The announcement of the new Intel Macs at Apple's World Wide Developer Conference in January was quickly followed by the news that the Intel-ready Logic v7.2 would be released in late February. Details of the release were sketchy — but a couple of pieces of available information had Logic users posting on the various Internet forums (such as those at www.yahoo.com and www.osxaudio.com) in their droves. Apple announced that the Universal-Binary crossgrade, which runs on both Power PC and Intel Macs, would cost $49 and contain the 'jingles and sound effects' that were included with Garage Band 3. Sound On Sound received emails complaining that Apple had removed discussions about the latest version of Logic on their support forums at www.apple.com/uk. However, to be fair to Apple, the small print on their site prohibits any criticism of their products, which is why it's always a good idea to frequent the SOS Web Forum for the real skinny on Logic developments!
The misinformation superhighway went into overdrive with rumour and speculation. Would the Power PC version be crippled to make the Intel version seem faster? Were there any bug fixes? Were there any new features for your money? Small leaks appeared until, on the day you could actually order v7.2 from the Apple web site, a PDF update manual (http://manuals.info.apple.com/en/New_Features_in_Logic_Pro_7.2.pdf) became available, which clarified and obfuscated the situation in almost equal proportions! The price (including VAT) to UK users is £35 plus postage. When v7.1 was released, Apple started to offer free postage a few weeks after its initial availability, so by the time you read this you may be getting a better deal.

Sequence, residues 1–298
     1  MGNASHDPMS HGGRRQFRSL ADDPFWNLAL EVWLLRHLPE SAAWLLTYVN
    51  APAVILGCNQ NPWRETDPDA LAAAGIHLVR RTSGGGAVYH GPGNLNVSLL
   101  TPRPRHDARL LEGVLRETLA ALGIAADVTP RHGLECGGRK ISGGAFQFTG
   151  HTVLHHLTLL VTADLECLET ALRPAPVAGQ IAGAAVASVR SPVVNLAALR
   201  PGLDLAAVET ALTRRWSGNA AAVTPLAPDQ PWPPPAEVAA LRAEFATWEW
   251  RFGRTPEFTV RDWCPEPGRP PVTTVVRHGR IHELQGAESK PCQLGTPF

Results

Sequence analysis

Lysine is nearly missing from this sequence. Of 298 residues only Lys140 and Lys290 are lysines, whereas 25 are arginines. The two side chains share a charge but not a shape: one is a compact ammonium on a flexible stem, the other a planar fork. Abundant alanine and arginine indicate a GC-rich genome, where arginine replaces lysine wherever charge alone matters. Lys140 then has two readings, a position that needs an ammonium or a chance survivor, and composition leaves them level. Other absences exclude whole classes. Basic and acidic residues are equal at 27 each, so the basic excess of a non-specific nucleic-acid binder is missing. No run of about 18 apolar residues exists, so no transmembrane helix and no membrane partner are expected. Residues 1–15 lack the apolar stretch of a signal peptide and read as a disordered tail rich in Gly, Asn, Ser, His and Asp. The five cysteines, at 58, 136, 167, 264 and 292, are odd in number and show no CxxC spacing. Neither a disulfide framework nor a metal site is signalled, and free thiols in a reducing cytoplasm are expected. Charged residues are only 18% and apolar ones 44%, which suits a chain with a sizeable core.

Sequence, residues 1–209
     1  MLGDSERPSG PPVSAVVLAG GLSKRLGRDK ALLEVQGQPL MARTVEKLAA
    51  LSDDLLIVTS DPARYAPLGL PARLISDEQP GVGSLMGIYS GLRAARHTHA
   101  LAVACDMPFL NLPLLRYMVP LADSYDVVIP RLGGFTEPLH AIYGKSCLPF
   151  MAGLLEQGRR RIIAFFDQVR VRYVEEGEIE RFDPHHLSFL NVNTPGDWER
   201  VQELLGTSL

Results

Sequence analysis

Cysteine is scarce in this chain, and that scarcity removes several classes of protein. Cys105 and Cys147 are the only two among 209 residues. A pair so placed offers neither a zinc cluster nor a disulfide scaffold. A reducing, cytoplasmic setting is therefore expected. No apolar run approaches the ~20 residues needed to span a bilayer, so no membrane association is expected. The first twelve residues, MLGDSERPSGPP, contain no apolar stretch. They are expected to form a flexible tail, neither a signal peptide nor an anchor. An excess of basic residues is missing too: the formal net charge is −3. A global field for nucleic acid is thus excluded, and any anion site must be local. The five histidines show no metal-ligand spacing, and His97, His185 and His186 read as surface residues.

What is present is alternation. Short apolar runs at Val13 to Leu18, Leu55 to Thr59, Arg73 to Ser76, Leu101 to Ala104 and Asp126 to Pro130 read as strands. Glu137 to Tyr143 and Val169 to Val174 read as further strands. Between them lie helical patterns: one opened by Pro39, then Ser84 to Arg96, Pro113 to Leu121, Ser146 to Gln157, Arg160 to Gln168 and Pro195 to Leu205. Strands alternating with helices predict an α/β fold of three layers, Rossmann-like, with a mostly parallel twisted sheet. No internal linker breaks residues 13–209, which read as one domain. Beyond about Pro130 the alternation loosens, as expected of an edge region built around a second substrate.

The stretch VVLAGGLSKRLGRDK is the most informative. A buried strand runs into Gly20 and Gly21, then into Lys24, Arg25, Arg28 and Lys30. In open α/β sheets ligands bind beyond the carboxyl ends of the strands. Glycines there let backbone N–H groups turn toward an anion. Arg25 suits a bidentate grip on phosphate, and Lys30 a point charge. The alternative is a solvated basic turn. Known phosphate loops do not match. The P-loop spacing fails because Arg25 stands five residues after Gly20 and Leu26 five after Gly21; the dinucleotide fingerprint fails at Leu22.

The PDF file confirms that v7.2 does ship with the Garage Band extras, but also reveals that a slew of bug fixes and new features are also present. The PDF is confusing, in that it lists the new features of v7.2, but mingles them in with details of all the extra updates since version v7.0. This makes it hard to decipher exactly what is new in v7.2 itself. But what seems clear is that Apple have made the upgrade worthwhile — that is if you think the extra features are important to you.
Probably the biggest headline-grabber is the deal between Apple and Apogee, makers of high-quality audio interfaces. The Apogee Ensemble is a multi-channel 24-bit/196kHz Firewire interface that is fully integrated into Logic Pro — you can find full information about it at www.apogeedigital.com/products/ensemble.php. There have long been rumours of a possible Apple 'Pro Tools killer', and many have seen the combination of Logic and a high-end interface for around £2000 as proof of these rumours. So the appearance of Pro Tools 7 support in Logic v7.2 must have been a bit of a surprise. Incidentally, Pro Tools 6 users should note that Logic v7.2 is not compatible with their version of DAE and TDM, and they need to upgrade to Pro Tools 7 if they want to use Logic as a Pro Tools hardware front end.